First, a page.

There were nay-sayers a-plenty when we announced our plan to build a house out of straw on the top of the hill at our Mooliabeenee Farm – including family members who warned of a terrible fire risk and vermin invasion – not to mention the inevitable reference to the three little pigs.
Ironic really, when straw, or cob-building has been around since the 11th century, and some good examples of homes which have stood for over 500 years can we found in places like Brittany in France, and Devon in the UK – where the saying ‘All cob wants is a good hat and a good pair of shoes’ originated.
It’s good advice, and quite frankly the most important thing to keep in mind when building with straw bale as water penetration is your worst nightmare ( that and arc welders – but a bit more about that later).
Of course straw bale building as we know it in Western Australia didn’t originate until 100 years ago, when mechanical balers took over from traditional methods and created the wonderful rectangular bale – a golden brick if you will. It’s different to cob in that the bales are stacked before being sprayed and sealed, instead of the straw being mixed into the mud.
It’s also important to note that straw bale is straw – not hay which may contain grain (and encourage the dreaded vermin). We ordered our bales from a local contractor who was familiar with the tightness in the bale required for building as opposed to stock.
Without a lot of funds for our straw bale project, we kept it simple. A typical hay shed in style. The outcome, a striking yet basic structure is both connected to the landscape and commanding in its stature.
A kit shed on a concrete slab formed the basic structure and was erected in just a day. At 5.5 m to the apex it was high enough for a loft, and at 6 x 12m in plan, offered a generous enough space for a large, north facing kitchen and a living and dining room extension to our existing home. It would actually be a perfect home for two with the large loft as a bedroom, but at this point the space makes a beautiful office with exceptional views.
After the ‘hat’ was securely in place, we built a brick plinth for the bales – an extra measure to keep the ‘feet’ dry. Then it was time for the fun to begin!
We enlisted the expertise of straw baler Dave Morris (Strawtegic), who had built many homes with the technique, and displaying his complete lack of acrophobia, Dave (literally) swung into action, stacking and wiring the bales together with ringlock. Taut wires and straight stacks were of prime importance, and the bales, which are by no means perfect, must be as vertical as possible. Luckily we were only using our bales as infill walls, and they are not structural – which although completely possible requires a bit more dedication.
Once the stacks were in place, I tested Dave’s patience with my last minute proposal to add bottle bricks to break up the walls, adding light and some texture. Dave duly whipped out his chainsaw and swung once again from the ceiling, weapon in hand, to make holes just large enough for my end to end bottles and glass jars to be poked through. Acknowledging the lack of precision available I opted for a creative interpretation of the star map of the sky that evening, marking it up with spray paint as I referred to my ‘Night Sky’ app.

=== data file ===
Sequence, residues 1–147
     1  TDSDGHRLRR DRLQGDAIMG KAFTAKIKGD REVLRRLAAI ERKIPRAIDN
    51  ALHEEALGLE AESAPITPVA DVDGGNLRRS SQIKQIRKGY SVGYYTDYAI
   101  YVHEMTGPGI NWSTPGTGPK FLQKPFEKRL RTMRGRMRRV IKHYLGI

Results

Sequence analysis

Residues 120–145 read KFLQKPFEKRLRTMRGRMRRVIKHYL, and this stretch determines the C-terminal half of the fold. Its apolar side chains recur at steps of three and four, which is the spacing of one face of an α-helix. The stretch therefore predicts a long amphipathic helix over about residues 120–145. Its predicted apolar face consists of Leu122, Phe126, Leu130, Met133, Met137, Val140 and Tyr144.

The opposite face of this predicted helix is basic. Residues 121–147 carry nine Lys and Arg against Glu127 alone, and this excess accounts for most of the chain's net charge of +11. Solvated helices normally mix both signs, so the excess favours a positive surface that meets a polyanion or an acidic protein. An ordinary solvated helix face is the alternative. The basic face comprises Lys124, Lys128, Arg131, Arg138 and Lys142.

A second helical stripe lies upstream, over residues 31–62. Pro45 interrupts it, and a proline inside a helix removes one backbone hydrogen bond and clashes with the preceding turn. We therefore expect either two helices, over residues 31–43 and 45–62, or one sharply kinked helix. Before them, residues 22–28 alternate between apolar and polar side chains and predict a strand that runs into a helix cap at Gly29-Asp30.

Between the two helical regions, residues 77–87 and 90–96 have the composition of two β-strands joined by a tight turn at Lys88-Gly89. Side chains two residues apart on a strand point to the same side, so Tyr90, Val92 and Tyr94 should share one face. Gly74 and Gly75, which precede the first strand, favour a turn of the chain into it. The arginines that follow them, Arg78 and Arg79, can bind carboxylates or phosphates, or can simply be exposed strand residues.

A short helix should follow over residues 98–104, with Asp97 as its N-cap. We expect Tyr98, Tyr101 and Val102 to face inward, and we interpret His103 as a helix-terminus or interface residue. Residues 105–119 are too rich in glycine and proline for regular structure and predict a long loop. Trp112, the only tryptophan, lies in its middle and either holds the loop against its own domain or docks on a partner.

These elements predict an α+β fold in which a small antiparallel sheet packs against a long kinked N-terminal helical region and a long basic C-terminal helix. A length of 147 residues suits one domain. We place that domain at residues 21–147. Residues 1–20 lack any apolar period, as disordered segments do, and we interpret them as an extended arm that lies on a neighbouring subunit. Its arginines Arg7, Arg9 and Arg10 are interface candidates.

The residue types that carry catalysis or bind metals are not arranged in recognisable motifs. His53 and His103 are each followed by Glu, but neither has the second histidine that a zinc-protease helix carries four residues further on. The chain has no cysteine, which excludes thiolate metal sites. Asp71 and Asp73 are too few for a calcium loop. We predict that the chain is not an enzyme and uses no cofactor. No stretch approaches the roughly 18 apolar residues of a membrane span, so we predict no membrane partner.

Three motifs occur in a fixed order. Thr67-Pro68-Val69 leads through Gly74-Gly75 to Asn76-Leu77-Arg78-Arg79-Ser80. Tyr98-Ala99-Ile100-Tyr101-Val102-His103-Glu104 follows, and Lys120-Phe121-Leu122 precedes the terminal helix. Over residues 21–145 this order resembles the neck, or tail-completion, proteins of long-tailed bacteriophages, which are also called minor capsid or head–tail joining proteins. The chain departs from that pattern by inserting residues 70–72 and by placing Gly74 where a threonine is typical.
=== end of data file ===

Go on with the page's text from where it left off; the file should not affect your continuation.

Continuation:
Next we were ready to spray the first coat – a mix of lime putty, water and sand. This set the straw inside and out, and after this we waited a few weeks for it to dry. This stage is traditionally done by hand, but a sand sprayer certainly sped up the process! Being January the heat dried the render quickly – great time of year to straw bale as mentioned before – water is your enemy!
In March we sprayed another coat of the same coarse sand and putty mix. Giving the coats more time to dry.
Finally a plasterer mate of Dave’s came up to do the top coat, for which we used a fine white sand base inside and a yellow builders sand on the exterior, which matched the render on the existing house.
Here’s the result! I particularly love my bottle bricks, and the way the plaster is hand-tooled around them. ( Don’t forget to cover the glass in cooking oil so the render doesn’t stick!)
There’s loads of information on the web about strawbale building and techniques, and many brave people opt to DIY. For me I was glad to have guidance, and there was still plenty to do to be involved.
In terms of functionality we were pretty pleased with the result. The house is a definite 15 degrees cooler in summer – even without air conditioning and remains warm inside if heated during winter. The recycled glazing we used as our north wall sacrificed some of the thermal qualities and one day when we replace them I anticipate less temperature loss. We haven’t had a problem with mice or rats eating the walls, (so far as we know) and being a farm there’s generally plenty around and as yet no threats from puffing fairy tale wolves either.
Our family were also relieved to hear that the fire testing commissioned by Ausbale (the Australian industry group for straw bale building) meets the current (Bushfire Attack Level) BAL-29 rating and strawbale walls are allowed to be built in areas with a BAL rating up to BAL-29. Because the straw is so tightly packed there’s very little oxygen to facilitate burning ( although there was that one incident with the arc welder that we wont mention. Suffice to say that if metal is in contact with the straw, don’t try to weld a beam to it.)
The bottle bricks turned out beautifully – and an surprise bonus is the night time view of the lights shining from inside out… my favourite sight as I return home and make my way up our driveway.